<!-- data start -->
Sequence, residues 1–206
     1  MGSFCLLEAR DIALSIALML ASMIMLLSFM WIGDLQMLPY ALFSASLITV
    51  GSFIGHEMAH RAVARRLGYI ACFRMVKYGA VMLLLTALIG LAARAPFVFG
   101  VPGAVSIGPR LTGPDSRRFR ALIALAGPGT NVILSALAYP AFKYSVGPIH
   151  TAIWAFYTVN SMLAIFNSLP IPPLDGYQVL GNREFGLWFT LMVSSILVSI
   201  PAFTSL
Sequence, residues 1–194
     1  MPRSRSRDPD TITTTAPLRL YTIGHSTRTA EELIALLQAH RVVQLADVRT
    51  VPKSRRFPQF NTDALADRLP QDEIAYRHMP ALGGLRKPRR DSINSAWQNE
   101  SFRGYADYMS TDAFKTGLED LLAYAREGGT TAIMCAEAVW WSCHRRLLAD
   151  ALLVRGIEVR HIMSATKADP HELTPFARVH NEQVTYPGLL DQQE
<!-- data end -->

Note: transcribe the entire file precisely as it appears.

Sequence, residues 1–206
     1  MGSFCLLEAR DIALSIALML ASMIMLLSFM WIGDLQMLPY ALFSASLITV
    51  GSFIGHEMAH RAVARRLGYI ACFRMVKYGA VMLLLTALIG LAARAPFVFG
   101  VPGAVSIGPR LTGPDSRRFR ALIALAGPGT NVILSALAYP AFKYSVGPIH
   151  TAIWAFYTVN SMLAIFNSLP IPPLDGYQVL GNREFGLWFT LMVSSILVSI
   201  PAFTSL
Sequence, residues 1–194
     1  MPRSRSRDPD TITTTAPLRL YTIGHSTRTA EELIALLQAH RVVQLADVRT
    51  VPKSRRFPQF NTDALADRLP QDEIAYRHMP ALGGLRKPRR DSINSAWQNE
   101  SFRGYADYMS TDAFKTGLED LLAYAREGGT TAIMCAEAVW WSCHRRLLAD
   151  ALLVRGIEVR HIMSATKADP HELTPFARVH NEQVTYPGLL DQQE